Eckhaus Latta Will Open a Shoppable Show at the Whitney

This past year has been the year New York’s museums are giving fashion its due; first, it was MoMa’s “Is Fashion Modern?” exhibit, the museum’s first fashion exhibit since 1944, then the Met’s “Heavenly Bodies” show, and now Eckhaus Latta is bringing the Whitney the first fashion exhibit it’s seen in 22 years.

The label, founded by design duo and BFFs Mike Eckhaus and Zoe Latta, could easily be described as gallery-worthy with its gender-fluid, avant-garde sensibility. Now, it actually will be displayed in a museum with the Whitney’s upcoming exhibit “Eckhaus Latta: Possessed” show kicking off August 3 and running through October 8. Eckhaus Latta will also do something relatively unheard of in museums: sell its wares on the Whitney’s first floor.

The unique concept was proposed to Christopher Y. Lew, the Whitney’s associate curator, and Lauri London Freedman, the museum’s head of product development. It will be a three-part installation that will depict all stages of the fashion industry, addressing, as Fader wrote, “the quasi-shadowy parts of design and retail while fully appealing to our inner 21st century voyeuristic sensibilities.”

The show will be in three parts: a sequence of photos that will serve as commentary on fashion advertising, the centerpiece of the installation that will be an operational retail space done in collaboration with friends of the label, and finally, a darkened room modeled after a security office, featuring surveillance images that symbolize the shadowy aspects of shopping.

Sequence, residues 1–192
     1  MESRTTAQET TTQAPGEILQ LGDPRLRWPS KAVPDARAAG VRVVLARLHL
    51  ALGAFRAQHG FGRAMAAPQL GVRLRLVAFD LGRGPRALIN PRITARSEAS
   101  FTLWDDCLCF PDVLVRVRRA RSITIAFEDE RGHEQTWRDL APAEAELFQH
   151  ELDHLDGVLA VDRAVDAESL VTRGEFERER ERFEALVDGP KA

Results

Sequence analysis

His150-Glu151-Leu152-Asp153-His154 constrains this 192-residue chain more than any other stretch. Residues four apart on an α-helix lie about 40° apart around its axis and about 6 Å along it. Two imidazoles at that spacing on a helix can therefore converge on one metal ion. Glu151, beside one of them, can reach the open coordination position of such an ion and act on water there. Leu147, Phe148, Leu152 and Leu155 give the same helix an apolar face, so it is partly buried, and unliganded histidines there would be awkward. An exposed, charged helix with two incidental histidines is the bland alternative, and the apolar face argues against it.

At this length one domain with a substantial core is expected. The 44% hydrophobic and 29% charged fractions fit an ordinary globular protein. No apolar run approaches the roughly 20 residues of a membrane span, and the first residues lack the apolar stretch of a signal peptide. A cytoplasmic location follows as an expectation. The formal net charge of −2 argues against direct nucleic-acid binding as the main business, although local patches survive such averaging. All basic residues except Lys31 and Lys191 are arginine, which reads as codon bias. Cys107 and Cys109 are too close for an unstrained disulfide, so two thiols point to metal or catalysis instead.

For the retail section, The Cut reports that artists Susan Cianciolo, Jeffrey Joyal, Lauren Davis Fisher, Matthew Lutz-Kinoy, and Amy Yao will be involved. In a statement about the exhibit, Freedman said, “Working with Mike and Zoe has challenged us to consider the roles that our museum spaces play and the objects that are presented. They pushed us to ask broader questions such as ‘How can we reexamine the format of an exhibition?’ and ‘What is the best way to exhibit an artist’s work?’”

Considering how rarely commentary on modern-day retail is addressed in the more traditional corners of the art world, this looks to be a truly unprecedented exhibit.

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